Roots of my beginnings mean a lot to me. I choose to be selective about all those memories, and single out a place that was frozen in time for nearly one hundred years. Deep in the “Endless Mountains” (also known as the Appalacians) of Pennsylvania, my father’s family has been the keepers for a simple cabin poised by a small creek named Indian Camp Run. My childhood was filled with what I refer to as the “Grandpa Grundy” stories my father used to tell. Although I have no idea who Grandpa Grundy was, or where or when I first heard the name, this always referred to tales of life in the long ago in a different time when there were only a few automobiles, no modern appliances or even indoor plumbing, no social media, and probably set during the Great Depression. My father, being a Boy Scout leader in his youth, took it upon himself to educate my sister and I on the wonders of Nature for a few weeks every summer. Rambling through the hills and into and along the creeks (we called them “cricks”…that’s Pittsburgese dialect). We turned over stones and caught crayfish if we were fast enough to spot them before they skittered away with the current in a cloud of fine silt. We hunted for soft-skinned miniature orange salamanders with black polka-dot spots and made houses for them in shoe boxes. We sampled wild mint, tea-berry leaves and mouthfuls of delicious fresh raspberries and blueberries, green apples, and hazelnuts and walnuts. We gathered huge bouquets of wildflowers that were everywhere in vases around the cabin. We learned to love the sound of rain on a tin roof and rummaging through ancient trunks filled with strange clothing and old photographs. After we were tucked into bed, we watched fireflies twinkle around us in the dark of the sleeping loft. …And the world was perfect then.
And now …well, lets say that I am continually seeking ways to regain that sense of the serenity of nature in my life and to remind myself of that perfection through my jewelry pieces. This pendant made from a worn splinter of shale is one I saved from a trip back to the mountains a few years ago. I plucked it out of the crick because I thought it was interesting, and now I need the memory to come alive again so its on the bench. I enfolded it in a copper bezel with rippling edges like the water and creek-bed that formed it. …A work in progress.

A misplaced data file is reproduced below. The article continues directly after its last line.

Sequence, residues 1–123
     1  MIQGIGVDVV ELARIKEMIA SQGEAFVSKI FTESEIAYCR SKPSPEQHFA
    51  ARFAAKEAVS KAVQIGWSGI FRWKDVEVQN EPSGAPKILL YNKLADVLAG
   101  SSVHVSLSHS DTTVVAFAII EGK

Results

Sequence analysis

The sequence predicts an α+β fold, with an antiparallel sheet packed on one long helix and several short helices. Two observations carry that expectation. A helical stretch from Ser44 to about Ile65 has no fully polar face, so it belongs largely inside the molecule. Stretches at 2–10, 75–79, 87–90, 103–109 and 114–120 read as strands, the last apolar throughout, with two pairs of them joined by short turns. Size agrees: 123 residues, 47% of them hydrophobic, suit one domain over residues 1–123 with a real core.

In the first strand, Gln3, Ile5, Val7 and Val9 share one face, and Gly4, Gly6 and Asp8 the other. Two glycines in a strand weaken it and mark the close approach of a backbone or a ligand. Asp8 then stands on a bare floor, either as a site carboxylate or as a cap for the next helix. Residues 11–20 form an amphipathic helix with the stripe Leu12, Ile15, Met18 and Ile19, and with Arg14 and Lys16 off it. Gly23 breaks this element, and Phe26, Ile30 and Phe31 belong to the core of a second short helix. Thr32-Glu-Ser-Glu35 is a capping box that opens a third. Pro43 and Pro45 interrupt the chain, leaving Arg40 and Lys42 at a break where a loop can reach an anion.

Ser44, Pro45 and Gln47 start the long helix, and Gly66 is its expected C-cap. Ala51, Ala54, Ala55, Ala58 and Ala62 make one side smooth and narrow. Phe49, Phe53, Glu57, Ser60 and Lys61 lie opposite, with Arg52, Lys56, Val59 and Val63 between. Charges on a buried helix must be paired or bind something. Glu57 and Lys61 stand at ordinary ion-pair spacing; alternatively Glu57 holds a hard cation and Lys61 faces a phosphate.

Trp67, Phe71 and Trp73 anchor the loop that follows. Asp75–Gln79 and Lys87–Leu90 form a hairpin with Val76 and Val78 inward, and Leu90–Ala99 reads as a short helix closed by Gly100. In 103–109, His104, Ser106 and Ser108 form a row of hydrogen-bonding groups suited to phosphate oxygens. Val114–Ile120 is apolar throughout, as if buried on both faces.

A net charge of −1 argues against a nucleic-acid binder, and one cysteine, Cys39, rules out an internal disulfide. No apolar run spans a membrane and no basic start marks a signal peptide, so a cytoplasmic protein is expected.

Recently I am super-charged with the idea of showing off the beauty of a stone in it’s natural, raw state. Where crystals and sparkly stones are concerned I have the wonderment of a child and a fascination that it could possibly grow out of the earth and be so special.
This bracelet in copper and silver-plated mixed metals evolved from just three components held together. The metals wanted to swirl like roots around them, capturing and holding them securely as roots do.
Heavily hand-forged chain links and barrel beads of copper combine with the ancient and earthy. Quartz crystals and clusters, a fossilized ammonite, and the raw glitzy sparkle of small mica stones are wrapped together and ornamentally solder secured.
Something that is hard to come by in this busy world of ours. Sometimes it just means paying attention and recognizing the little things that come across our paths during the day and honoring the beauty and simplicity.
…That part of us that is wild and free and loves to explore. Follow it and you will go interesting places. That is what happened with this pendant. Fascination with a glass cabochon and thinking along K.I.S.S. lines led me to create this piece. I love the way the pearls, silvery metal and shiny glass play together. The raw, pink rhodachrosite gives it a grounding in nature and adds a pop of color.
For two weeks I would walk into the studio and diddle with picking up this and that and make no headway at all. Finally, I decided I had far too many bits and pieces that had been around for ages …perhaps had been given to me …maybe I didn’t even like them very much …but kept them around “because.” It occurred to me that in my state of mind,and after so much time away, it would take a few hours to get my metal focus and kick start the creative process. It also seemed that any piece I might work on was not likely to be something I was pleased with. In fact, I spent a day trying to solder pieces, etc., and felt like my skills had been slipping. …Talk about frustration and despair! The following morning, I came across a wonderful video by Ira Glass. I had seen it before, but this video ought to be on the “watch this” list every time I start thinking my artsy creations are crappy. The man gives a wonderful perspective for beginning creatives at any level. His message is basically: our taste is better than our skill and it takes lots of practice, but improvement will come, and it may take years to get to our goal …so be patient and keep on going.
So, I looked at projects that had been left to languish. This wrap bracelet was well under way, had character and was ready to start right up where I left off. It was actually meant to be a close duplicate of another I made for myself. However, skills and creativity do increase, and I found that I was going far beyond my first project and getting my “wild” on. Links were more creative and I launched my efforts with more speed and felt sure of the direction I was heading in. This piece sold in the first few hours it was in the store, and for a higher value than I have received in the past. Now, I am finding this is happening more frequently.